Lately, when saying goodbye, particularly to someone who is under stress -- perhaps going into a new life situation or trying to manage an old one -- I have consistently used the phrase 'take care'. Come to think of it, friends and family have offered these parting words to me, too.
This got me wondering about the status of the much-used phrase, so familiar that it rolls off the tongue as easily as any farewell. Has it lost its sincerity, its credibility? Has it lost its actual deeper meaning, if it ever had one? And if it hasn't, how do we actually take care?
Reflecting on my early adulthood, I quickly concluded that 'take care' most definitely had a deeper meaning. When I went off to university, then New York and London, I heard the weight in an elder's voice when they used the phrase. Even today, when I hear it from certain people or dare to say it myself, I am certain that 'take care' is an offering of heartfelt advice in the absence of the right words, or in lieu of meddling.
But how does one take care, particularly when under pressure? Early on in the year, a good friend and I reflected on life in 2014. Noticeably, there had been as many ups as downs, but we both mentioned taking better care of ourselves, moving ahead.
Though fairly good stewards of our health, we both agreed that when tense, we often lose sight of what it really means to take care, sometimes perhaps out of concern, I suspect, for appearing selfish. At other times, we simply don't have time for ourselves, even for the basics such as eating and sleeping properly. Ridiculous!
According to some experts not prioritizing self-care is counterproductive, since taking care of one's self is of paramount importance for a healthy life experience. In practical terms, self-care can be likened to putting on one's own oxygen mask on an aeroplane before helping someone else.
Still, taking care of one's self, particularly while caring for another, often falls on deaf ears. Most of us either overextend ourselves, often letting others down as well, or we withdraw completely, blaming the other person, even if only subconsciously, for needing help in the first place. Either way, the experience can lead to emotional and mental-health problems, as well as physical ones.
Surely, however, there is a middle ground? Again, the question springs to mind: How do we actually take care?
First, it goes without saying that taking care means eating properly and getting enough sleep. Maybe, but the basics of looking after oneself, whether that involves taking medicine, doing exercise or drinking plenty of water, are often the first to go when stressed.
For example, recently while visiting the US to help look after my mother, I forgot I even had medicine, not to mention the poor diet I consumed.
A friend confided similar behaviour during a stressful time in her life. She also talked of the guilt she incurred for feeling ill and tired, which ultimately turned into resentment. Upon reflection, she confessed that if only she had owned her feelings and sorted them out then and there, she would have avoided the bitterness and some of the health hazards, too.
Dr Karyl McBride, in her article 'Is Self-care Selfish?' explains that owning feelings is key to taking care of one's self: 'Being in touch with our own feelings and embracing them is the healthiest thing we can do'.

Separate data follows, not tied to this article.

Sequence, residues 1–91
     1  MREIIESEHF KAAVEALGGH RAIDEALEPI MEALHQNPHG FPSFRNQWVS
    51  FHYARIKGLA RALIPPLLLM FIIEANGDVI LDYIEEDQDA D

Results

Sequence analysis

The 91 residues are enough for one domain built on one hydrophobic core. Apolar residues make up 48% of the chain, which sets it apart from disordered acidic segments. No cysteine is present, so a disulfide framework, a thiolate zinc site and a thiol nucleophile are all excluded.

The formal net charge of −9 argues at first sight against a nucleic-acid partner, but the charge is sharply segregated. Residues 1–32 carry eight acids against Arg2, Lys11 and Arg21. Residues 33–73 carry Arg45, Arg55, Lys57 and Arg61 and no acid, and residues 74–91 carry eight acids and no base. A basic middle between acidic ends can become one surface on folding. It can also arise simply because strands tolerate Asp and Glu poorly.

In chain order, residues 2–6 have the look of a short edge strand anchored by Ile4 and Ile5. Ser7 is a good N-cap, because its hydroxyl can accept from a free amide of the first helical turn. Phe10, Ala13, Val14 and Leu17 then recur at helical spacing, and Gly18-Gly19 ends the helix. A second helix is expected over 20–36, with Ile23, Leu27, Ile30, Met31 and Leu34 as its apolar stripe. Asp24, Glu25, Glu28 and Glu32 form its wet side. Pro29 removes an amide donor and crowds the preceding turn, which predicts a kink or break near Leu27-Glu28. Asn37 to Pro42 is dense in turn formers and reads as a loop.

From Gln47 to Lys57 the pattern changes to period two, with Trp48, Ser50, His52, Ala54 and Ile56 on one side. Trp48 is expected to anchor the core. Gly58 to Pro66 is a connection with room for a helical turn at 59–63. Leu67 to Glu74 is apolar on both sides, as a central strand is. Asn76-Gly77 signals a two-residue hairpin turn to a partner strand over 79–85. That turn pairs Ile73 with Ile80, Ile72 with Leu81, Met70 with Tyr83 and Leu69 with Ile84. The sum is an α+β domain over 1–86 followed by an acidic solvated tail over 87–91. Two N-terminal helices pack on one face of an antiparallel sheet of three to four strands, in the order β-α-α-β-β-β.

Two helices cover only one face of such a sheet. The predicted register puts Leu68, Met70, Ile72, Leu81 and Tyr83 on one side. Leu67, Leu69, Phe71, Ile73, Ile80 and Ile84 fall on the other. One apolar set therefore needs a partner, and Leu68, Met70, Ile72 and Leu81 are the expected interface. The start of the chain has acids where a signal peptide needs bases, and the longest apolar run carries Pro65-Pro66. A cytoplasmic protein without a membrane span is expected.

Another healthy expression of self-care is to operate in the real world. Make no mistake about it, this advice is not a ticket for abandoning other responsibilities, but as life becomes more hectic for a number of reasons, the line between what is real and what is ideal becomes blurred.
Although it might sound ideal to act as a full-time caregiver, for example, it is not realistic -- neither physically, mentally, nor often financially either -- even for people who are retired or self-employed (surprise, surprise).
A few years ago when we inherited the care of my mother-in-law, being real was the hardest thing to do. I needed a reality check when it came to how much I could personally do while remaining healthy, not only for myself, but also for her and the rest of the family. In the end, we constructed a realistic care plan, which served us well, enabling us to breathe more easily, which is another helpful approach to self-care.
There is no point in waiting until the pressure has lessened to take a deep breath. To take care in the midst of anxiety often means letting go of stress. Easier said than done, isn't it? And more so for some of us than others.
According to experts, some people get something out of stress -- a buzz, a charge, if you will -- similar to what an addict gets from drugs. This feel-good factor keeps them stressed, but it doesn't keep them healthy. On the contrary, it makes them ill.
To this end, I was asked to give a friend of a friend some personal advice and as I listened to him talk about the problem, I realised that though he tried to detach himself from the situation, he was overwhelmingly stressed. After offering advice that didn't work for him, I suddenly realised that all there was left to say was 'take care'.
With that said, there was a peaceful silence between us. And suddenly he remembered that he hadn't eaten all day. An ocean between us, I hung up the phone, reminded that it is often the little things that go a long way, of course, when offered sincerely.
'Take care' is one such small offering. What does it mean? Now that depends on who is saying it and surely, on who is hearing it, too.